I was never into the blues that much. I listened to a bit of Roy Buchanan and Rory Gallagher but only as accidental overspill from rock. I knew the Rolling Stones’s sound came out of their love of the blues but what they added was more important (to me) than what they took. And then there was Eric Clapton. In common with a discerning portion of the British population, I loathed Clapton after his drunken endorsement of Enoch Powell’s rivers-of-blood speech. Even if I’d somehow let that slide, I could never forgive him for ‘Tears in Heaven’ which was like having a bucket of oversweetened bilge water poured over one’s head. Musically, Clapton hasn’t come up with anything interesting for at least 40 years so why anyone showed up at his annual plod-alongs at the Royal Albert Hall is an enduring mystery. Overall, no one has done more than Clapton to turn British people off the blues.
I liked it when jazz musicians played the blues, especially if the word was embedded in the title of a tune – ‘When Will the Blues Leave?’ (Ornette Coleman), ‘Blues for a Reason’ (Chet Baker), ‘The Hard Blues’ (Julius Hemphill) – but as a distinct musical genre the blues never quite got through to me. I liked bluesness as a musical ingredient and liked some of the names – Howlin’ Wolf, Son House – more than their music. Obviously I loved Dylan’s ‘Blind Willie McTell’ but listening to McTell himself was a come-down after the Dylan song. Then, a few years ago, my wife and I drove with friends from Austin, Texas, down to Mississippi – and nothing really changed. Geographically, the Delta was a revelation – the way it just lay there, like a kind of spatial waiting – but we didn’t go to any gigs. We ate at a café in B.B. King’s home town and I think we drove past Robert Johnson’s grave, but we didn’t stop and the whole trip was unaccompanied by music because the car didn’t have a functioning sound system.
I only really got into the blues in LA, after my friend Richard Grant – an English writer living in Mississippi – sent a Spotify link to something he called ‘trance blues’. That snagged my attention immediately. I’d loved psychedelic or Goan trance; more generally, what I’ve wanted from any kind of music – Bach, Keith Jarrett, Indian classical – is to trance out to it. The guy inducing this particular trance was called Junior Kimbrough, and his laid-back, one-chord, hill-country drone was all-enveloping. Intense though it was, my enthusiasm for Kimbrough remained self-contained, didn’t extend beyond him. Then, last year, Richard suggested that I listen to some tracks on R.L. Burnside’s album Too Bad Jim. From there I went back to Burnside’s earlier acoustic recordings and forward to the various remixes put out by Fat Possum Records. Feeding a familiar, life-sustaining urge to find out as much as I could, I consulted discographies, watched all available footage of him on YouTube. As often happens, this surge of interest was accompanied by an undertow or riptide of regret: that I’d never seen him play, had never been to a juke joint (if only I’d been to Junior’s place where parts of Too Bad Jim had been recorded!). By the time Kimbrough and Burnside became famous, in the early 1990s, they were both in their sixties, old and plump enough to play sitting down, rocking hard in the still centre of the beat. Junior died in 1998, before I began spending a lot of time in the US, but I could easily have seen R.L., who died in 2005.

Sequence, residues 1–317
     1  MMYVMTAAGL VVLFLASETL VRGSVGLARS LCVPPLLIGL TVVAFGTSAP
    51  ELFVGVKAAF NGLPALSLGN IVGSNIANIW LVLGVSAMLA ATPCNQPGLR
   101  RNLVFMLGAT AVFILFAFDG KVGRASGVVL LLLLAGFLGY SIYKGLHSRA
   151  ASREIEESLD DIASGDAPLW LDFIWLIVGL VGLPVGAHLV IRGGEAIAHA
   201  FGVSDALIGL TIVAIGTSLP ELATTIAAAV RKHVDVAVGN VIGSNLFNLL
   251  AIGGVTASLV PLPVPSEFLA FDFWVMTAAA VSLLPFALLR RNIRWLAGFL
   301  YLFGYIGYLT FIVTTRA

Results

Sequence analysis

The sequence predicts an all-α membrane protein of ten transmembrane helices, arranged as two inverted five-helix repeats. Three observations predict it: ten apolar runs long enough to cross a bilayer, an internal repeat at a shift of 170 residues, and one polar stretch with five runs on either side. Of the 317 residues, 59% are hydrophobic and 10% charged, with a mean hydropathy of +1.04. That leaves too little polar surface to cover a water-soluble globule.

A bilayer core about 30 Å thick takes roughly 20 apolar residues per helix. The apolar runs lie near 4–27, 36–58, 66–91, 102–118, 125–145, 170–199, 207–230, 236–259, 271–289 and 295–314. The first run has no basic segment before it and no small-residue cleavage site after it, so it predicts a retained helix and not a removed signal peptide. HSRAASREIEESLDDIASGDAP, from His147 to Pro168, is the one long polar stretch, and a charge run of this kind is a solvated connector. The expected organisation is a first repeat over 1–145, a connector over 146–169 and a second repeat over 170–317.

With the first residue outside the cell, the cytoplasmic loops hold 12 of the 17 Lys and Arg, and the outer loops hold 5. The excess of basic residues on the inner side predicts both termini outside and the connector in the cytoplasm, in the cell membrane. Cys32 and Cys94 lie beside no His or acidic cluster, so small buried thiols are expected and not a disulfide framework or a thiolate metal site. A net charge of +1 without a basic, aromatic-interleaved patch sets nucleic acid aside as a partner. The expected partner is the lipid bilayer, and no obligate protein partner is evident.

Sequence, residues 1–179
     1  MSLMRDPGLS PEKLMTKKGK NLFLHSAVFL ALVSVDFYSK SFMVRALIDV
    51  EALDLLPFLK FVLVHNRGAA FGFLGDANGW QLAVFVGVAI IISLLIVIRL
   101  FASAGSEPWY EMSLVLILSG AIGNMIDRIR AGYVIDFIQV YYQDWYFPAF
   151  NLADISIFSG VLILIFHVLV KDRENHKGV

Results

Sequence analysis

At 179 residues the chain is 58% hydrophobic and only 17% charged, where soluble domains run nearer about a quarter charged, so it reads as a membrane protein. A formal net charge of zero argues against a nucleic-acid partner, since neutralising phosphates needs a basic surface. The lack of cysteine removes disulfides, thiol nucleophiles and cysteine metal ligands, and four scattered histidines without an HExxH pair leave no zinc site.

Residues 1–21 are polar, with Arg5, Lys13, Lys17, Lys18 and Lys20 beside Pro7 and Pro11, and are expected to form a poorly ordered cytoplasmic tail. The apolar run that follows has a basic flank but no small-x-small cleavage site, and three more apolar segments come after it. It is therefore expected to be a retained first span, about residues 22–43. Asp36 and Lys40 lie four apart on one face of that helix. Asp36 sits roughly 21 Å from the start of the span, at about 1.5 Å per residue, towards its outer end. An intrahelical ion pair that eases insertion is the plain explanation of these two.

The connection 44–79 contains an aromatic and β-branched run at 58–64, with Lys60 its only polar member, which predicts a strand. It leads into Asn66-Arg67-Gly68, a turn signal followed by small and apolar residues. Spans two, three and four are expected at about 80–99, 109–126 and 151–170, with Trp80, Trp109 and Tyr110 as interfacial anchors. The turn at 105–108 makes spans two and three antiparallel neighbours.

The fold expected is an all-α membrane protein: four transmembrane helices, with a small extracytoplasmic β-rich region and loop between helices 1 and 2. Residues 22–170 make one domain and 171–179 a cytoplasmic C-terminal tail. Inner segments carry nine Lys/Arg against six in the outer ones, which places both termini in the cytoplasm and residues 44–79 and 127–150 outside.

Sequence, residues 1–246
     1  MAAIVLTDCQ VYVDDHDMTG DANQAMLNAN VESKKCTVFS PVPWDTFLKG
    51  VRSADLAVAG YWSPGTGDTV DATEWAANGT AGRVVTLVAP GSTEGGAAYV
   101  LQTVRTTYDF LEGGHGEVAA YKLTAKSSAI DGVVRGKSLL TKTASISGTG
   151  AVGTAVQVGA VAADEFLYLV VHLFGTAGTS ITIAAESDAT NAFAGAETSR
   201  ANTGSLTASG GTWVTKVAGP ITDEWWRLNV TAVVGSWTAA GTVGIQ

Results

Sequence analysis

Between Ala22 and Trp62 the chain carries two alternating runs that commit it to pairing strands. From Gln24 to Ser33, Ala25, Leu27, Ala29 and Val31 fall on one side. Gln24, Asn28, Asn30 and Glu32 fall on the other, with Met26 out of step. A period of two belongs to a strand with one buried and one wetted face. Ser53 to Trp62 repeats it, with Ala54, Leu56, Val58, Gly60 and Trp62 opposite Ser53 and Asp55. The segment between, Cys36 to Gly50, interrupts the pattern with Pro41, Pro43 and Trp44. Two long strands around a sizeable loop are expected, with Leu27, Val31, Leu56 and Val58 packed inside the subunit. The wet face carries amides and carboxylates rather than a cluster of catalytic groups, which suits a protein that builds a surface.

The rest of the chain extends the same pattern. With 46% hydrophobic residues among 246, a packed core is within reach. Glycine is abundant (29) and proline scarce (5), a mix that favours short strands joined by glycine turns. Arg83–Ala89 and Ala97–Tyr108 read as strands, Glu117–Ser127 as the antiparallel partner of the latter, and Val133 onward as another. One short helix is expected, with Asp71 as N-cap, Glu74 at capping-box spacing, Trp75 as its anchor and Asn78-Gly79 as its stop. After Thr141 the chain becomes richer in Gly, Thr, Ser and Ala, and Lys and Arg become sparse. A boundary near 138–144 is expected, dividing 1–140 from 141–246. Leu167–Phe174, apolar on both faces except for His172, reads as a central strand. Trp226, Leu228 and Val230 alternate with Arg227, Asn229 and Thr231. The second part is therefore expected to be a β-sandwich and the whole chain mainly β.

The idea of authenticity has haunted the blues from the time, at least, of John Lomax and his fractious relationship with Lead Belly. As a student at the Juilliard Miles Davis, whose dad was a successful dentist, expressed his contempt for the idea that ‘the reason black people played the blues was because they were poor and had to pick cotton’. Still, the hard lives of Kimbrough and Burnside – rural poverty, farm-work and, in Burnside’s case, time served in Parchman for murder – were rooted in a whole mythos of the blues. Their label, Fat Possum, cannily exploited this while maintaining an authentically Davisian indifference towards any music that sounded like a dutiful old horse, ploughing a furrow that had already been worked to death. Even though, in Burnside’s case particularly, you can hear the influence of John Lee Hooker, it’s obvious that he’s advancing the form. And not only that. He and Kimbrough were doing this way before they were ‘discovered’ in the 1990s.
There’s amazing footage shot in 1974 at a place called, rather grandly, the Brotherhood Sportsmen’s Lodge. It actually looks like a low-ceilinged house party with R.L., skinny, grinning and standing, playing electric guitar and singing while trying to avoid the jostle he’s whipping up around him. On the second track, ‘Jumper on the Line’, he sets up a choppy riff that deepens into something that has the relentless drive of funky techno. People are dancing, naturally, but by the end we are on the ecstatic brink of rave – in 1974. One guy in particular is completely gone. He could be at Berghain in Berlin or one of the big dance parties in London when electronic music was at its sustained and blissful peak. But there’s something else, too, something specific to the blues, to the part of the world from which it emerged and, ‘against tremendous odds’, flourished. The phrase is from Deep Blues by Robert Palmer who played a big part in the late change in the fortunes of Kimbrough and Burnside (he produced Too Bad Jim). At the end of the book Palmer quotes Wadada Leo Smith, a jazz musician who was raised in the Delta. Growing up in that environment, Smith says, made him feel that whatever he plays ‘relates to a gigantic field of feeling’.
Listening to Kimbrough and Burnside I feel that, at last, in my early sixties, I’ve entered a corner of that foreign field, that vast and crowded zone of meaning.